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Preview: Brightsurf Science News :: Microbiology News

Microbiology Current Events and Microbiology News from Brightsurf

Microbiology Current Events and Microbiology News Events, Discoveries and Articles from Brightsurf

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Meningococcal vaccine could protect against 91 percent of targeted bacterial strains

Wed, 22 Nov 17 00:04:00 -0800

Up to 91 percent of bacterial strains causing a common type of invasive serogroup B meningococcal disease in children and young adults are likely to be covered by a four-component vaccine called MenB-4C (Bexsero), according to laboratory studies conducted by investigators at the federal Centers for Disease Control and Prevention (CDC) and at GlaxoSmithKline, manufacturers of the vaccine. The work was published this week in mSphere, an open-access journal from the American Society for Microbiology.

Nanosponges show promise for potentially blinding eye infections

Wed, 22 Nov 17 00:03:50 -0800

In a new study, researchers demonstrate using a mouse model that engineered nanosponges can be used to protect eyes from infections caused by Enterococcus faecalis. Enterococcus faecalis contain a toxin called cytolysin, which is found in roughly 50 percent of isolates that cause post-operative intraocular infections seen in the United States.

The latest poop from the turkey coop

Mon, 20 Nov 17 00:15:50 -0800

Treated excrement from turkeys, chickens and other poultry, when converted to combustible solid biomass fuel, could replace approximately 10 percent of coal used in electricity generation, reducing greenhouse gases and providing an alternative energy source, according to a new study by Ben-Gurion University of the Negev (BGU) researchers.

Zika-related nerve damage caused by immune response to the virus

Mon, 20 Nov 17 00:09:30 -0800

The immune system's response to the Zika virus, rather than the virus itself, may be responsible for nerve-related complications of infection, according to a Yale study. This insight could lead to new ways of treating patients with Zika-related complications, such as Guillain-Barré syndrome, the researchers said.

Researchers pin down one source of a potent greenhouse gas

Mon, 20 Nov 17 00:08:00 -0800

Researchers have discovered the first known methane-producing microbe that is active in an oxygen-rich environment -- a finding that suggests today's global climate models may be misjudging the amount of methane being released into the atmosphere.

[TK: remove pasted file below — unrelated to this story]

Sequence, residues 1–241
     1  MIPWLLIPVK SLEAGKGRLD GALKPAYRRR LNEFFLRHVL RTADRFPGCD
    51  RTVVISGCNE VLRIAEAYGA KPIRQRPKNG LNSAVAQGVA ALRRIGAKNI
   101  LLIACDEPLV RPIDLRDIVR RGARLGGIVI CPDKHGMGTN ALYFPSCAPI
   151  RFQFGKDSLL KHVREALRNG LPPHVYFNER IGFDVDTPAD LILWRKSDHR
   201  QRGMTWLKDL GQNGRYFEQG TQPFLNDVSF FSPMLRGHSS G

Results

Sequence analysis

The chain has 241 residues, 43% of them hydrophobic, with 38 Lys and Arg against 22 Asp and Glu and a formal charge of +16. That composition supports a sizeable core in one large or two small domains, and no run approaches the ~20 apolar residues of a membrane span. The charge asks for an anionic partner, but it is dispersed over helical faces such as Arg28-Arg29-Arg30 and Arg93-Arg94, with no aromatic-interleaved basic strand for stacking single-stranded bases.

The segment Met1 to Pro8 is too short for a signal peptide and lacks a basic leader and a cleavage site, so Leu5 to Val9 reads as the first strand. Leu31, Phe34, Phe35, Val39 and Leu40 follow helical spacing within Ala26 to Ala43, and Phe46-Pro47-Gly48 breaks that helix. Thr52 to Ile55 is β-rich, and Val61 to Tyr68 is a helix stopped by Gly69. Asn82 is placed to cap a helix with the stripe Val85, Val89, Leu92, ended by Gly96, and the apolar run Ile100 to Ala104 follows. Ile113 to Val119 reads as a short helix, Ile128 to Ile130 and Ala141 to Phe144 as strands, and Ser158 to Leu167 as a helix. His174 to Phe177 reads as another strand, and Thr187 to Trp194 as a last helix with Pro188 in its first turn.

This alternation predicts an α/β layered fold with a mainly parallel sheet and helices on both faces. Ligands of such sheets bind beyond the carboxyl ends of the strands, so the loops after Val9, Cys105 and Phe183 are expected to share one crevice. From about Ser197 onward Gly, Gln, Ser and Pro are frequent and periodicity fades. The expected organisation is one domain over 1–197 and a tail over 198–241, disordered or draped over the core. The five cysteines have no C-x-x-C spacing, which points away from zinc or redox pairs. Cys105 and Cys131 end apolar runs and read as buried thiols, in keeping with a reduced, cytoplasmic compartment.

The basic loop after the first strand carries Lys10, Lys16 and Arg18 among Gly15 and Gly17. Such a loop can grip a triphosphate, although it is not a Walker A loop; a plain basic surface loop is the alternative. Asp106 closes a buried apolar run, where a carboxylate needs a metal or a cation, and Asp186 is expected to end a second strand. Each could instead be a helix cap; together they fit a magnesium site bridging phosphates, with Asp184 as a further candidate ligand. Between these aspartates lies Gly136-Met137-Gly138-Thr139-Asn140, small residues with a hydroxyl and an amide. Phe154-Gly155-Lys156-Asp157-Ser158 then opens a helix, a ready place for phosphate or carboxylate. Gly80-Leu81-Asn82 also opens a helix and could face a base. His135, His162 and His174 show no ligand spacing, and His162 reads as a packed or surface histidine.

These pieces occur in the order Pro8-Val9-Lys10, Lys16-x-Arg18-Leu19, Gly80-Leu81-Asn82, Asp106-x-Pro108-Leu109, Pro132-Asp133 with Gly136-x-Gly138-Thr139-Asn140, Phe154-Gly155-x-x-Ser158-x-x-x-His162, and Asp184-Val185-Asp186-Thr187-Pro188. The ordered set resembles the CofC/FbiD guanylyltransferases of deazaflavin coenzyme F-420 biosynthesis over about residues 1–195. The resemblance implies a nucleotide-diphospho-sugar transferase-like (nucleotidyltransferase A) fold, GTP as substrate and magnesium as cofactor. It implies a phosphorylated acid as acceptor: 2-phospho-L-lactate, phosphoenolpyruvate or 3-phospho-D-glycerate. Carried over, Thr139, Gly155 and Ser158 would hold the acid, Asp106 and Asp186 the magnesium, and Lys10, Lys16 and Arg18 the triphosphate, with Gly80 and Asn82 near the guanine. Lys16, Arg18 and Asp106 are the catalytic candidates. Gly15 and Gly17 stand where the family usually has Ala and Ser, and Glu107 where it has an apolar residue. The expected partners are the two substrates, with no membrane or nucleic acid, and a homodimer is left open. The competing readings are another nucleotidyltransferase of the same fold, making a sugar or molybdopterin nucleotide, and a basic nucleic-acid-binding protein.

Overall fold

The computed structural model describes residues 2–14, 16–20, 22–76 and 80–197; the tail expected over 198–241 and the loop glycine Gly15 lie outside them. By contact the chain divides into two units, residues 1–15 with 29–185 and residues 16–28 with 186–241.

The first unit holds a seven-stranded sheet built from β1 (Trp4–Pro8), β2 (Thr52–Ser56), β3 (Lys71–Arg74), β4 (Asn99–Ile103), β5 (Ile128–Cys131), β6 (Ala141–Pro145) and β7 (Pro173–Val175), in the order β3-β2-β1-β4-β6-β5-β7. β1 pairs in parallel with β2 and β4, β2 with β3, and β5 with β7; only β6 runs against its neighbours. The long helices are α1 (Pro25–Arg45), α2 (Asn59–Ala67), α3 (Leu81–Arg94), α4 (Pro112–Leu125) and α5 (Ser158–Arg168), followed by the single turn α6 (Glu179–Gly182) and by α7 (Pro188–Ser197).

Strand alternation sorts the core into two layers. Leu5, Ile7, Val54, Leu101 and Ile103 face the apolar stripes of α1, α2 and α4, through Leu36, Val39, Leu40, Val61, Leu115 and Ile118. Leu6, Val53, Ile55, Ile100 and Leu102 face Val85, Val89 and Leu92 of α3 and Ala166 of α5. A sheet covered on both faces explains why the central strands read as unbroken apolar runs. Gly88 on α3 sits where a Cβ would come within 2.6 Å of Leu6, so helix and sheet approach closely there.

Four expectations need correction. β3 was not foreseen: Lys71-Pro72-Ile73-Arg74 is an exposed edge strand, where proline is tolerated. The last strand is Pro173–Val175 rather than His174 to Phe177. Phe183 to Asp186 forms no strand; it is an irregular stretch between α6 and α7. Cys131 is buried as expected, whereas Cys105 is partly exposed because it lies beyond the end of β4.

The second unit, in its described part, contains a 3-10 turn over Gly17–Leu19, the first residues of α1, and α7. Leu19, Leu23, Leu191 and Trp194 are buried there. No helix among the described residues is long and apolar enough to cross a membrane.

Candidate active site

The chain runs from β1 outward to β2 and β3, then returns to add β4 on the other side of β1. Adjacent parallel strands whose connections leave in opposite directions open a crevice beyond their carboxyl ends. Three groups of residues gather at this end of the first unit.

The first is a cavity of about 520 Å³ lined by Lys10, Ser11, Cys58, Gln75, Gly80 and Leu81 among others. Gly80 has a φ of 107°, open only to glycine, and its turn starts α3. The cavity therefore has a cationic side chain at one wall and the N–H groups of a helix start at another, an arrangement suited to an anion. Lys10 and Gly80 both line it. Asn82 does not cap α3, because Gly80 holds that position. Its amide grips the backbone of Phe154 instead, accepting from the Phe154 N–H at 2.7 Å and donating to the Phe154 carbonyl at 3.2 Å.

UT study IDs potential cell receptors to reduce antibiotic resistance

Wed, 15 Nov 17 00:13:50 -0800

The bacterium Pseudomonas aeruginosa is the leading cause of hospital-acquired infections. The pathogen is resistant to many antibiotics so treating those infections, particularly in patients with compromised immune systems, is difficult. A new study from UT has identified certain chemical receptors in cells that could deceive the bacteria and improve patient response to drugs.

How Helicobacter pylori causes gastric cancer

Tue, 07 Nov 17 00:03:00 -0800

Gastric cancer is one of the five most fatal types of cancer. According to the statistics of the World Health Organization about 750,000 patients die each year after developing the disease. The main cause is thought to be the bacterium Helicobacter pylori. Researchers at Friedrich-Alexander-Universität Erlangen-Nürnberg (FAU) have now identified two mechanisms through which this bacterium can cause gastric cancer. Their findings could result in the development of new therapeutic approaches.

Researchers identify the yeast genes behind rose and honeyed flavors in beer and wine

Tue, 07 Nov 17 00:07:20 -0800

A flavor compound called phenylethyl acetate imparts a hint of rose or honey to wherever it's found -- a dab of perfume, a sip of wine, a slug of beer. Microbiologists in Belgium have used genetic mapping to identify, for the first time, specific yeast genes that produce higher levels of this aroma in alcoholic beverages. The new finding joins other recent work connecting genes to flavors in wines and beers, and may be used to grow yeasts that produce new flavors.

How caries-causing bacteria can survive in dental plaque

Thu, 02 Nov 17 00:16:00 -0700

Extracellular polysaccharides play a central role in the survival capabilities of caries-causing bacteria in dental plaque, report researchers from the University of Basel's Preventative Dentistry and Oral Microbiology Clinic and Department of Biomedical Engineering in the journal Plos One.

Several reasons why whole grains are healthy

Thu, 02 Nov 17 00:00:00 -0700

When overweight adults exchange refined grain products -- such as white bread and pasta -- with whole grain varieties, they eat less, they lose weight and the amount of inflammation in their bodies decreases. These are some of the findings of a large Danish study headed by the National Food Institute, Technical University of Denmark. The study supports the scientific basis for the Danish dietary recommendation to choose whole grains.

Investigating the collateral effects of antibiotics

Wed, 01 Nov 17 00:03:00 -0700

Antibiotics can influence the swimming and swarming ability of multidrug-resistant bacteria, according to a new study in mSphere, an open-access journal of the American Society for Microbiology. The study, conducted using multidrug-resistant Salmonella, explored how antibiotics may modulate Salmonella virulence mechanisms.

Could Squirrel trade have contributed to England's medieval leprosy outbreak?

Wed, 25 Oct 17 00:12:50 -0700

Genetic analysis of a pre-Norman skull unearthed in a garden in Suffolk has added to a growing body of evidence that East Anglia may have been the epicentre of an epidemic of leprosy that spread through medieval England. The authors of the new study suggest that an explanation for the prevalence of leprosy in medieval East Anglia may possibly be found in the sustained Scandinavian trade in squirrel fur -- an animal known to carry the disease.

How the smallest bacterial pathogens outwit host immune defences by stealth mechanisms

Fri, 20 Oct 17 00:11:00 -0700

Despite their relatively small genome, mycoplasmas can cause persistent and difficult-to-treat infections in humans and animals. A study by Vetmeduni Vienna has shown how mycoplasmas escape the immune response. Mycoplasmas 'mask' themselves: They use their small genome in a clever way and compensate for the loss of an enzyme that is important for this process. This could be shown for the first time in vivo, thus representing a breakthrough in the research of bacterial pathogens.

Last unknown structure of HIV-1 solved, another step in efforts to disarm the AIDS virus